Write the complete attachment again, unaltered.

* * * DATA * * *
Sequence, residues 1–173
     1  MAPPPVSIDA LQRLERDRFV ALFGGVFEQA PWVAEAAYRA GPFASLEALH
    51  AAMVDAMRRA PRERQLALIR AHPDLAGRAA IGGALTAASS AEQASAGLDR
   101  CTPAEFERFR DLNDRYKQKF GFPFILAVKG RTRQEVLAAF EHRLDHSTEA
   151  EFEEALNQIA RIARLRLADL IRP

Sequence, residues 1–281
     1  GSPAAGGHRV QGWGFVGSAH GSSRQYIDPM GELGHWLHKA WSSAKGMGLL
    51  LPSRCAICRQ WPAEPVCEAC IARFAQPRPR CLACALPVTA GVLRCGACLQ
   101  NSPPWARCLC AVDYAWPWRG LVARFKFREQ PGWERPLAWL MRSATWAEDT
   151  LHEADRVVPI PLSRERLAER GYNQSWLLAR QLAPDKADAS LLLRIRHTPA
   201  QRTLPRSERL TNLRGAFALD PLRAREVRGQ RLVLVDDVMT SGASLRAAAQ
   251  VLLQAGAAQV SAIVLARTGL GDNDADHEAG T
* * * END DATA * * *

Sequence, residues 1–173
     1  MAPPPVSIDA LQRLERDRFV ALFGGVFEQA PWVAEAAYRA GPFASLEALH
    51  AAMVDAMRRA PRERQLALIR AHPDLAGRAA IGGALTAASS AEQASAGLDR
   101  CTPAEFERFR DLNDRYKQKF GFPFILAVKG RTRQEVLAAF EHRLDHSTEA
   151  EFEEALNQIA RIARLRLADL IRP

Sequence, residues 1–281
     1  GSPAAGGHRV QGWGFVGSAH GSSRQYIDPM GELGHWLHKA WSSAKGMGLL
    51  LPSRCAICRQ WPAEPVCEAC IARFAQPRPR CLACALPVTA GVLRCGACLQ
   101  NSPPWARCLC AVDYAWPWRG LVARFKFREQ PGWERPLAWL MRSATWAEDT
   151  LHEADRVVPI PLSRERLAER GYNQSWLLAR QLAPDKADAS LLLRIRHTPA
   201  QRTLPRSERL TNLRGAFALD PLRAREVRGQ RLVLVDDVMT SGASLRAAAQ
   251  VLLQAGAAQV SAIVLARTGL GDNDADHEAG T